Paul Nitze: Guest Opinion | AspenTimes.com

Paul Nitze: Guest Opinion

Paul Nitze
The Aspen Times
Aspen CO, Colorado

Detroit has fired the American imagination for a long time now. My favorite spots from the golden age of American advertising, the 40 years spanning World War II, are the car ads. You know the aesthetic ” the convertible with the top down, the square-jawed guy behind the wheel, the blonde in sunglasses and a scarf by his side. The cars were fast, the ride was smooth, and the future was as open as the road.

If it delivered for the customer, the auto industry was a godsend for its workers. I count myself among the beneficiaries of that legacy of high wages, fat pensions and full benefits. My grandfather was an executive at Studebaker, now a distant memory, but once a major carmaker. That job allowed him to afford a big house in South Bend, Ind., to send both of his daughters to boarding school and college, and to retire in comfort in Florida. But he was in upper management; the real miracle is how well the industry did by the people on the assembly line.

Over the years, the United Auto Workers became the most-feared and most-loved union in the country, depending on which side of the table you were on. It negotiated compensation packages, including benefits, that paid twice what similarly skilled workers made in other industries. This was all abetted by the federal government, which long ago foisted health-care costs on U.S. corporations.

That business model stopped making sense more than 30 years ago, when foreign manufacturers started making better cars, and labor costs at the carmakers spiraled out of control. Our manufacturing sector peaked in 1979, and has shed more than five million jobs in the years since. Yet even as production of nearly every species of consumer goods moved offshore, we’ve been so thoroughly seduced by that vision of the American automobile and the freedom it enables, that we refuse to let the industry die.

It would be one thing if propping up Detroit were a wash for the economy. We’ve known for a couple of hundred years now, since David Ricardo put pen to paper, that our economy does best when we’re producing only what we’re especially skilled at. In practice, it never works out like that. Legacy industries survive longer than they should, and government often plays a role in prolonging their existence.

Yet the costs of saving this industry have been shocking. The Big Three have pumped more than $400 billion in capital into their businesses during the past two decades, and depending on how you add up the numbers, between half and all of that money has been a pure loss on investment. Imagine if that money had been spent on information technology, renewable energy or any number of other growth industries. More importantly, imagine if Michigan had already gone through the wrenching economic transformation that effected the textile states in the 1980s, and now had the same economic prospects as North Carolina.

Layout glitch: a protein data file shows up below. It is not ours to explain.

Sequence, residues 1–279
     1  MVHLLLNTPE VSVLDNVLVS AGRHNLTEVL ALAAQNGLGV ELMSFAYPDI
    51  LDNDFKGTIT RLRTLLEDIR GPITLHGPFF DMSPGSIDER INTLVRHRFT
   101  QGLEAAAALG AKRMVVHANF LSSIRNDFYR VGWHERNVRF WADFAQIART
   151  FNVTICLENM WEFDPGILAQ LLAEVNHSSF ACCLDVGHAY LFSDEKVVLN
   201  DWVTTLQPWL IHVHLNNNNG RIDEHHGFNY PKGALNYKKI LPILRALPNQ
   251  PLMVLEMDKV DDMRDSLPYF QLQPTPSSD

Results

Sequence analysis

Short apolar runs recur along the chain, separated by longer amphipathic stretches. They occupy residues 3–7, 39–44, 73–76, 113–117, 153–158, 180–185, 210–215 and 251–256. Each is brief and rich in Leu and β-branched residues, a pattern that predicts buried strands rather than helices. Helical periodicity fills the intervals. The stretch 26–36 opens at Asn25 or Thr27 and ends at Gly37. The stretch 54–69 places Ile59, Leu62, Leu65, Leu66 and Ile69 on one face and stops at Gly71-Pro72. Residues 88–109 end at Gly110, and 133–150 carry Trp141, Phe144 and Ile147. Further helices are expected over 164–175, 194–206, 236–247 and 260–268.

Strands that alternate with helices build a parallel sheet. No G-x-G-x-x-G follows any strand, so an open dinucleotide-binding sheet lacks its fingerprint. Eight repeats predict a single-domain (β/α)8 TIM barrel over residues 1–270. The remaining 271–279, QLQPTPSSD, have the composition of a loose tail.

Voters across the country should be screaming bloody murder at the prospect an auto industry bailout. Unfortunately, Democrats in Congress and President-elect Obama have indicated they will step in with enough cash to keep the Big Three sputtering along for another decade or so. For the moment, we have the lame-duck presidency of George W. Bush to thank for stopping them, but even the current White House has softened its stance of late.

I have my doubts that even a tidal wave of popular opposition can stop the bailout. There are simply too many powerful lawmakers in Washington beholden to the UAW and the auto industry. But what a popular outcry can do is put the bailout on hold until January. That will accomplish two things. First, it may force the two weakest auto companies, Chrysler and General Motors, into Chapter 11. Keep in mind that Chapter 11 does not mean those companies go out of business; rather, it means they undergo the radical restructuring they desperately need.

Second, and more likely, it means the terms of the bailout will be stiffer than they would be otherwise. Despite news reports over the weekend of “tougher terms” for Detroit, this remains window dressing on what is, in essence, a blank check to the industry. At a minimum, we need to ensure that existing equity shareholders get wiped out, that senior management at the Big Three are forced out, and that union labor contracts are scrapped and renegotiated.

These are extremely tough economic times. If they weren’t, the domestic auto industry would not be facing extinction. While I feel a tug from my inner Keynesian, telling me that if we don’t bail out the Big Three we will face a deeper recession than we would otherwise, there are much more productive ways to pump money into the economy. We have been making substandard cars and trucks in this country for too long. It’s long past time to put people to work doing something else.


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